• information as to where than index can be found.

Pre-contractual disclosures for certain financial products that have sustainable investment as their objective and an index has been designated as a reference benchmark will need to include:

  • information on how the designated index is aligned with that objective;
  • an explanation as to why and how the designated index aligned with that objective differs from a broad market index;
  • Where no index has been designated, pre-contractual disclosures will include an explanation of how the sustainable investment objective is to be attained;
  • Where no EU Climate Transition Benchmark or EU Paris‐aligned Benchmark is available, the information must include a detailed explanation of “how the continued effort of attaining the objective of reducing carbon emissions is ensured in view of achieving the long‐term global warming objectives of the Paris Agreement”; and
  • An explanation of how indicators for adverse impacts are taken into account and how investments that cause significant harm to sustainable objectives are screened out.

In general these disclosures are still required under Level 1 and all relevant firms will need to make this disclosure on their website describing how sustainability risk is incorporated in their investment process as well how their remuneration policies are consistent with the integration of sustainability risks.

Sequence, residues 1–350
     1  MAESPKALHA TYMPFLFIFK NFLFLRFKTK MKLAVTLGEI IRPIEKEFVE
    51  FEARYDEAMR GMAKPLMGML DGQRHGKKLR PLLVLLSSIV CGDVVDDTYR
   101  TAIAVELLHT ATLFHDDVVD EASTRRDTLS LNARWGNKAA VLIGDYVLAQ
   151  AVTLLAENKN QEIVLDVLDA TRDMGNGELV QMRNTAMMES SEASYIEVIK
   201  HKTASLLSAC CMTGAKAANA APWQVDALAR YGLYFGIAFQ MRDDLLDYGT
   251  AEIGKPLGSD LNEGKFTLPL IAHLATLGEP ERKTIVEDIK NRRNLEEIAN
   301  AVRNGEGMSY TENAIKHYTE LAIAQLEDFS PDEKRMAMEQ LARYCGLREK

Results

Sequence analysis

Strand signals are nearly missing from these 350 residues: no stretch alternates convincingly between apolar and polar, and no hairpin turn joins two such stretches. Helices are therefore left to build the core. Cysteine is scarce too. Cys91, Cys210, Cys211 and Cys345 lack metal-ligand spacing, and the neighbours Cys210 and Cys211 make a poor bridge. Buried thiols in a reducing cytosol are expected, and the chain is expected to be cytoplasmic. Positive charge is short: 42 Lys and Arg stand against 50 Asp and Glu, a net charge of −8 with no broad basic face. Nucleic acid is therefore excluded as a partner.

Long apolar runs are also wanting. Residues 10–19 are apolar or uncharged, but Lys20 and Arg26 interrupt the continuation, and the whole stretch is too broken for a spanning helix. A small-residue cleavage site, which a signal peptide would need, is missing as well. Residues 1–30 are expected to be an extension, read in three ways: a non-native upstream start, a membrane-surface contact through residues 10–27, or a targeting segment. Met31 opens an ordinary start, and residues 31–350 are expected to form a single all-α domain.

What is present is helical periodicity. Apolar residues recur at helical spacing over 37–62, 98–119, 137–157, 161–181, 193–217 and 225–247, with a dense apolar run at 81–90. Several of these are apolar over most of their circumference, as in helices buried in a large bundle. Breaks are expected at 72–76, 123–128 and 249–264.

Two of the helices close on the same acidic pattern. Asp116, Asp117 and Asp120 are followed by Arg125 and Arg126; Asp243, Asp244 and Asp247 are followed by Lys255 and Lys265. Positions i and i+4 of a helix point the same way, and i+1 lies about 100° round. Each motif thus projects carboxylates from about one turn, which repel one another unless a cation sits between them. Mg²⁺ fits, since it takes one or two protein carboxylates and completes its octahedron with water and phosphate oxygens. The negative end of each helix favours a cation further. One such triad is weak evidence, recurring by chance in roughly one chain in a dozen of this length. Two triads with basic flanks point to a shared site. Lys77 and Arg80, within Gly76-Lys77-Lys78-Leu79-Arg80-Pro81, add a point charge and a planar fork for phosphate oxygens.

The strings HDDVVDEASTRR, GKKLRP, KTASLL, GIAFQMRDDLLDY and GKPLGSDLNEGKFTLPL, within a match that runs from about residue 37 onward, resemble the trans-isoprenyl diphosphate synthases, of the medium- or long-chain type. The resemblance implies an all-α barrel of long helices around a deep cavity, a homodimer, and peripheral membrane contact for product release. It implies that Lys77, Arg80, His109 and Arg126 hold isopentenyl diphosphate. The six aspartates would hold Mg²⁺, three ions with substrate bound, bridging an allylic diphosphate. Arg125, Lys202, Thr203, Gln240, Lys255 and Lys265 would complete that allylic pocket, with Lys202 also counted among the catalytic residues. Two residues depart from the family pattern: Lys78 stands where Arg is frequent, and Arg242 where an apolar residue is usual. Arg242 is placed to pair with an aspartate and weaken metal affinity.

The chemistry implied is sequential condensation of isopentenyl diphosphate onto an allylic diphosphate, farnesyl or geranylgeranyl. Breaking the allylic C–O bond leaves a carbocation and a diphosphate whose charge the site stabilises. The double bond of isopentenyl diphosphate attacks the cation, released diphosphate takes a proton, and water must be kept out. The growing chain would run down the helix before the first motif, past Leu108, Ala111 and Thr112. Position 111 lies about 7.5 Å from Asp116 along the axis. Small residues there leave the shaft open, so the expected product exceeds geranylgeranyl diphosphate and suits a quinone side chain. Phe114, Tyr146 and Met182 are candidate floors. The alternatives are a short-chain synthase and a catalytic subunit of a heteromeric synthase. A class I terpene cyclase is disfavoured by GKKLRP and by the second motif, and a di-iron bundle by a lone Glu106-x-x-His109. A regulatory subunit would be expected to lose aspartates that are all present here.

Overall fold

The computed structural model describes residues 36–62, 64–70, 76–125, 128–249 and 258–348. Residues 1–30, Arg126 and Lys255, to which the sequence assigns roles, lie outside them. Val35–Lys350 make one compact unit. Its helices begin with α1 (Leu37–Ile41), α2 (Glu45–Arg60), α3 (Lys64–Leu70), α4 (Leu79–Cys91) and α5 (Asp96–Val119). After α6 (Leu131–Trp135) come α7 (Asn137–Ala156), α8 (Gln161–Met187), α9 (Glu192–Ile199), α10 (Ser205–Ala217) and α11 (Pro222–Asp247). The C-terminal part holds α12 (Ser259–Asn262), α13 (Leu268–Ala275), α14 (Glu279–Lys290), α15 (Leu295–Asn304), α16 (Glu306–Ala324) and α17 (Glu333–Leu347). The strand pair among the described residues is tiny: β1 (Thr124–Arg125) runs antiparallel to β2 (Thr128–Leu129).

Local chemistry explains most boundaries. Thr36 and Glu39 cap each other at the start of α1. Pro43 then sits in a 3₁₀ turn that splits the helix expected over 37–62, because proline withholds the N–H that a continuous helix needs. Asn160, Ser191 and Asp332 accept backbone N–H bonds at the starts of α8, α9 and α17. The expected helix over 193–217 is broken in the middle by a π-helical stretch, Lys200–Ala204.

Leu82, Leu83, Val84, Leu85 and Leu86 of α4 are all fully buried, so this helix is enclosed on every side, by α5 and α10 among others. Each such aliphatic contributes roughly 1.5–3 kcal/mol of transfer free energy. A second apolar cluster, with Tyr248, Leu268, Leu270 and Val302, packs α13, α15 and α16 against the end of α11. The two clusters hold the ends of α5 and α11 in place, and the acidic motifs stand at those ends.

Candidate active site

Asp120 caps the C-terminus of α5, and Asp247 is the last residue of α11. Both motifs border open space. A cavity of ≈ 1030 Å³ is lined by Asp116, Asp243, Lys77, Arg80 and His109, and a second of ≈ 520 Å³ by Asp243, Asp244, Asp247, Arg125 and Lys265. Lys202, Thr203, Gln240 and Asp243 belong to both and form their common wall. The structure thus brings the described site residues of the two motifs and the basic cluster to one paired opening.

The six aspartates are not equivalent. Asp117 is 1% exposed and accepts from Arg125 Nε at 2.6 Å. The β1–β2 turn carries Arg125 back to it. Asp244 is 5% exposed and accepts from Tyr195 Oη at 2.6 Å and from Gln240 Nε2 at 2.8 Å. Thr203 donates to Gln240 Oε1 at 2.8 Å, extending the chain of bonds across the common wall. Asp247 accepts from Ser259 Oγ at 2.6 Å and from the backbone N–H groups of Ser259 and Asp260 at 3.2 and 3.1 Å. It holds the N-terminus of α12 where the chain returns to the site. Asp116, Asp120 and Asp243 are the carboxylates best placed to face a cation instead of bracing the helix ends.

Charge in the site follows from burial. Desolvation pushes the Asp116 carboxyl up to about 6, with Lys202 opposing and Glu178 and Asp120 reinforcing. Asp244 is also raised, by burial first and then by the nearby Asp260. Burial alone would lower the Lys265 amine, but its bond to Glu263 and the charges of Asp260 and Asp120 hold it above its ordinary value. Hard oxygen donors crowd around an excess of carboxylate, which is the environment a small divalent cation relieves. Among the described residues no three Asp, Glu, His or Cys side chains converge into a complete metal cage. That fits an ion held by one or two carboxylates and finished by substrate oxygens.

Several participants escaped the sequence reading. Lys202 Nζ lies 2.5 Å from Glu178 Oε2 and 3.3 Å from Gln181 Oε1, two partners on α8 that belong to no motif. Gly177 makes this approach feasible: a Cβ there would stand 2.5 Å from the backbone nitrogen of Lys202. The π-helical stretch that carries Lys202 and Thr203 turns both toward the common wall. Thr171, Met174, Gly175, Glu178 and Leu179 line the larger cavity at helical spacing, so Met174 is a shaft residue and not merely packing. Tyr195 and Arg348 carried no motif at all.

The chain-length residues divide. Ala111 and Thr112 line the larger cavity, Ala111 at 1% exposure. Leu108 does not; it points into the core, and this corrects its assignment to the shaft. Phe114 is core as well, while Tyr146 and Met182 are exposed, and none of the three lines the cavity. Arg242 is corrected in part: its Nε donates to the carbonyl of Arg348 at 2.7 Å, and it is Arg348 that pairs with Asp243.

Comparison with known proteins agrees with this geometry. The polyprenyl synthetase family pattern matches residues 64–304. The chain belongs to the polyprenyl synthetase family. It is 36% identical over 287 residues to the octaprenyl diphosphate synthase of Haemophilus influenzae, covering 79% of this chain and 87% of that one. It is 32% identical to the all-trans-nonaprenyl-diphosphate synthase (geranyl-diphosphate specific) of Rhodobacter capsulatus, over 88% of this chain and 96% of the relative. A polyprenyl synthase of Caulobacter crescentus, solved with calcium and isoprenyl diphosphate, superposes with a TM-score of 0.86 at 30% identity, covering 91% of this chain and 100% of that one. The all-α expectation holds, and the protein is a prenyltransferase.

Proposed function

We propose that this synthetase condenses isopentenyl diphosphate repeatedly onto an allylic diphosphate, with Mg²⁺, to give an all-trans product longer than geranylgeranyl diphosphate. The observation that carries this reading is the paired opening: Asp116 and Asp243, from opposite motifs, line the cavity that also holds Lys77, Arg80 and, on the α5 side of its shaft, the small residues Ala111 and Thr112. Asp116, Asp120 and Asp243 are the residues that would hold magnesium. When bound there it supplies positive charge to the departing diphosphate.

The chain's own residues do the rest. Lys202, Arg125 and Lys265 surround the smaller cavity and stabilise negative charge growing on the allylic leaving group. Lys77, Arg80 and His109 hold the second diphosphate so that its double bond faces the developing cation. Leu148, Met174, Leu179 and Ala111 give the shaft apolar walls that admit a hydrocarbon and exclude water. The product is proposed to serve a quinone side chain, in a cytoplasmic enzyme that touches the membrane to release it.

Periodic Reporting

For financial products that promote, among other characteristics, environmental or social characteristics, or a combination of those characteristics, periodic reports will need to include a description on the extent to which environmental or social characteristics are met (Article 8). For financial products that have sustainable investment as their objective, a description will need to include the “overall sustainability‐related impact of the financial product by means of relevant sustainability indicators” (Article 9). Once again, the detail for these disclosures were due to be set out in the Level 2 RTS and therefore firms will be obliged to make these disclosures in a high-level and principles-based manner.

How Can Effecta Compliance Help?

Whilst the split from the EU feels like a substantial departure with many unknowns it many regards it is reflecting the way business is being conducted and has been conducted for many years in other parts of the world.  Take the GCC for example where each country (and even within each country) there are differentiated requirements which impact cross border business.  Effecta can help you navigate this area with relevant experience as firms move in to this new regulatory environment. Effecta can provide market insight on how to manage these issues and what “best-efforts” looks like.  Specifically, we can assist with:

  • Identifying how SFDR impacts your firm.
  • Confirming what disclosures need to be made at both a firm and product level.
  • Analysing current disclosures and investment processes to identify gaps to be filled.
  • Updating policies and procedures including those relating to product governance.